Dental visit anxiety is a serious problem: Half of all Americans admit to some level of dental fear, while 15% avoid dental care altogether due to acute anxiety. The harm this can cause to dental health is incalculable.
But dentists have a number of sedation techniques that can relax anxious patients and allow them to receive the care they need. Although often used together, sedation is slightly different from anesthesia, which aims to deaden pain sensation. The aim of sedation is to calm the emotions and state of mind.
Sedation isn't a new approach: Physicians have used substances like root herbs or alcohol to relieve anxiety since ancient times. Modern dentistry also has a long history with sedation, dating from the early 1800s with the first use of nitrous oxide gas.
Modern dental sedation has expanded into an array of drugs and techniques to match varying levels of anxiety intensity. At the milder end of the scale are oral sedatives, taken an hour or so before a dental appointment to produce a calmer state. This may be enough for some patients, or it can be used in conjunction with nitrous oxide.
For those with more intense anxiety, dentists can turn to intravenous (IV) sedation. In this case, the sedative is delivered directly into the bloodstream through a small needle or catheter inserted in a vein. This causes a quicker and deeper reaction than oral sedatives.
Although similar to general anesthesia, IV sedation does differ in significant ways. Rather than unconsciousness, IV sedation places a patient in a “semi-awake” state that may still allow them respond to verbal commands. And although the patient's vital signs (heart rate, breathing, blood pressure, etc.) must be monitored, the patient doesn't need breathing assistance as with anesthesia.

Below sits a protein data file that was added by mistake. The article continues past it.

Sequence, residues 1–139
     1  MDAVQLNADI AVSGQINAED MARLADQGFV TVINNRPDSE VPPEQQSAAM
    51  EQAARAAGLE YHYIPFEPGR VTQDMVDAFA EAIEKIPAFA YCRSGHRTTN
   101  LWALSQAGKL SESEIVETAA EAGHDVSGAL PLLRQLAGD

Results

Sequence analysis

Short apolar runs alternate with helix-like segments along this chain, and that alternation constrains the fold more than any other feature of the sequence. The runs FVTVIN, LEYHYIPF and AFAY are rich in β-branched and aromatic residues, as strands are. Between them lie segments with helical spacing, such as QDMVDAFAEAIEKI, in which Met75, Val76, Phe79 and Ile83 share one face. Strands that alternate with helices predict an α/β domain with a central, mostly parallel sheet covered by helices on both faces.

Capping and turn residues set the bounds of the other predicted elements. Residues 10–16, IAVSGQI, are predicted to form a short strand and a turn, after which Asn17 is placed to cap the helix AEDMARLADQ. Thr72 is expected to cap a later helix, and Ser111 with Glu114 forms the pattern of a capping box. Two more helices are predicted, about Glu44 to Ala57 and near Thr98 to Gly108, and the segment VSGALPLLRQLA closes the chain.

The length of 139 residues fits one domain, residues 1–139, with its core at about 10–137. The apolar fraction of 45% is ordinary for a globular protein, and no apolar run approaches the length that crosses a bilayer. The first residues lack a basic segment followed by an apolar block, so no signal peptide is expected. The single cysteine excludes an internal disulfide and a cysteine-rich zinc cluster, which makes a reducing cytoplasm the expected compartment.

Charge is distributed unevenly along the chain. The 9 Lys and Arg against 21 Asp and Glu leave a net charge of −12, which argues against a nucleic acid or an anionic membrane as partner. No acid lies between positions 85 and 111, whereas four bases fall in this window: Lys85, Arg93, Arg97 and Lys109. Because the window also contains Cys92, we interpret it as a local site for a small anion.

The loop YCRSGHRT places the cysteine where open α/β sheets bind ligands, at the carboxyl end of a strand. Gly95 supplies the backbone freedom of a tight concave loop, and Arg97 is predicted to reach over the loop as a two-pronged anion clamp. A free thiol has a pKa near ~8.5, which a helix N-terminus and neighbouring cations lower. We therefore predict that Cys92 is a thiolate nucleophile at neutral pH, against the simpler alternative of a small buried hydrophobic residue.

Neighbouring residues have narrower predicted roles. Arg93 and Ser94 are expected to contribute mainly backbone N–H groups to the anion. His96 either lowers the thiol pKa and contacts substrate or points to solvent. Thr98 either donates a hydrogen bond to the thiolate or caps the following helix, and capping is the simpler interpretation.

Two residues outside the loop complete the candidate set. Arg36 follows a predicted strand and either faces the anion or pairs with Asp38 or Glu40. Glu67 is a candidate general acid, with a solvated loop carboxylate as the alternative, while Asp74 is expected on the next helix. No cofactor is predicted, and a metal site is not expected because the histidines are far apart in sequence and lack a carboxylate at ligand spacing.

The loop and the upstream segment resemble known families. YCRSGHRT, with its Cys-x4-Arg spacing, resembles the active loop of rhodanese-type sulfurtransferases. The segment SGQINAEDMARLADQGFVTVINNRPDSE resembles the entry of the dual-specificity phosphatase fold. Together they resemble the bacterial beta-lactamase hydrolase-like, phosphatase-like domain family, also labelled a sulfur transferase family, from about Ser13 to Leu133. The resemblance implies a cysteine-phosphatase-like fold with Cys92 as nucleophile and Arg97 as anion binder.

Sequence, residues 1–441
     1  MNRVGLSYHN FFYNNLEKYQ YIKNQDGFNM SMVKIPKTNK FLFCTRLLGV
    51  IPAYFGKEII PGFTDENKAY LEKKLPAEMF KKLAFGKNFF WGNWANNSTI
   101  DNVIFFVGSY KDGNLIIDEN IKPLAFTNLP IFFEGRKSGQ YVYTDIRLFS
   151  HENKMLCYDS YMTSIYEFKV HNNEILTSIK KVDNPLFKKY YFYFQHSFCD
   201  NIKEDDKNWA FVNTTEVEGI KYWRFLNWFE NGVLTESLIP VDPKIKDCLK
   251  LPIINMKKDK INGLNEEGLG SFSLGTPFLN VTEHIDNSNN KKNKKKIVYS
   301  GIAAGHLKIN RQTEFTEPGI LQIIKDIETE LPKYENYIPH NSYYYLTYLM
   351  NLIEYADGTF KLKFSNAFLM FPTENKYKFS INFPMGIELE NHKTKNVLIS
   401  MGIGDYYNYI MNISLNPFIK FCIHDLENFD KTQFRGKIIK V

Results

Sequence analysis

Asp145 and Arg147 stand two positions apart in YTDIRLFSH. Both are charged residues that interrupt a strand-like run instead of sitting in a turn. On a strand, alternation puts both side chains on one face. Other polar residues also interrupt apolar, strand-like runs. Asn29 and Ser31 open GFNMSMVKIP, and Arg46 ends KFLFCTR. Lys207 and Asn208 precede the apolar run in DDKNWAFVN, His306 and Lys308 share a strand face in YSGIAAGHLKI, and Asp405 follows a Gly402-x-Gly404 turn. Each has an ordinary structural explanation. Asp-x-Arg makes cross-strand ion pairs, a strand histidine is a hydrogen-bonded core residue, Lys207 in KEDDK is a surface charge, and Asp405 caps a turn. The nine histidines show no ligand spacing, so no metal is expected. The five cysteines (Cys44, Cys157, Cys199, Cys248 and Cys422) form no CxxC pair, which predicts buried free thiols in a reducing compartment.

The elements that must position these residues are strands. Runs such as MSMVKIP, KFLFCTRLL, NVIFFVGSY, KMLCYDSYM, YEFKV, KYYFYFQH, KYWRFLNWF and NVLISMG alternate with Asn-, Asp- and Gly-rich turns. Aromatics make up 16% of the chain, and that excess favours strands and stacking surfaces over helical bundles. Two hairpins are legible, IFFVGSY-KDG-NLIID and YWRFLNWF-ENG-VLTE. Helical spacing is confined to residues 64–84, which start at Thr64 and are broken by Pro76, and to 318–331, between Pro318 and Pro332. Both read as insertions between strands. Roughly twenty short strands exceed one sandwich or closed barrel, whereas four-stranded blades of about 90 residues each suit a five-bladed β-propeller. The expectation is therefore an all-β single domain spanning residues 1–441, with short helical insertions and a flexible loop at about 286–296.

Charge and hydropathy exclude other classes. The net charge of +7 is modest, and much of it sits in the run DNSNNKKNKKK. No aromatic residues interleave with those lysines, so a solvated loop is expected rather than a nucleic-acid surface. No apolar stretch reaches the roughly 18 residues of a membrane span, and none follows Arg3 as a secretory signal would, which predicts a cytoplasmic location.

There's one other benefit: The drugs used often have an amnesic effect, meaning the patient won't remember the treatment experience after recovery. This can be helpful in creating more pleasant memories of their dental experience, which could have its own sedative effect in the future.
Whether oral, gas or IV, sedatives are a safe and effective way to calm dental fears during treatment. That could help someone with anxiety maintain their oral health.
If you would like more information on reducing dental anxiety, please contact us or schedule an appointment for a consultation. You can also learn more about this topic by reading the Dear Doctor magazine article “IV Sedation in Dentistry.”
Tooth alignment problems don't have to affect your smile permanently. Braces, offered by your Danville, VA, dentists, Drs. Jessica Owens and Zachary Hairston of Art of Dentistry, straighten crooked teeth and improve your appearance.
Braces correct spacing issues
Braces can close gaps between teeth and eliminate crowding. Both traditional metal braces and clear Invisalign aligner trays slowly move teeth by exerting constant pressure on them.
Orthodontic treatment straightens teeth